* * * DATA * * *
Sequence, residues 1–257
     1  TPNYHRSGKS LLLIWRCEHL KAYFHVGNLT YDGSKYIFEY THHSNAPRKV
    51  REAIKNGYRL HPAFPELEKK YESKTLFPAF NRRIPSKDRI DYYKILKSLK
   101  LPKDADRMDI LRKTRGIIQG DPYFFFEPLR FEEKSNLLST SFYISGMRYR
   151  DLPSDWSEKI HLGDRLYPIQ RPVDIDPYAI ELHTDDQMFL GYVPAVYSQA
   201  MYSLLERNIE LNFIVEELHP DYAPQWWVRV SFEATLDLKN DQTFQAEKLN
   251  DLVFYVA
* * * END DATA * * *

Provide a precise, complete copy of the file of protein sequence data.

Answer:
Sequence, residues 1–257
     1  TPNYHRSGKS LLLIWRCEHL KAYFHVGNLT YDGSKYIFEY THHSNAPRKV
    51  REAIKNGYRL HPAFPELEKK YESKTLFPAF NRRIPSKDRI DYYKILKSLK
   101  LPKDADRMDI LRKTRGIIQG DPYFFFEPLR FEEKSNLLST SFYISGMRYR
   151  DLPSDWSEKI HLGDRLYPIQ RPVDIDPYAI ELHTDDQMFL GYVPAVYSQA
   201  MYSLLERNIE LNFIVEELHP DYAPQWWVRV SFEATLDLKN DQTFQAEKLN
   251  DLVFYVA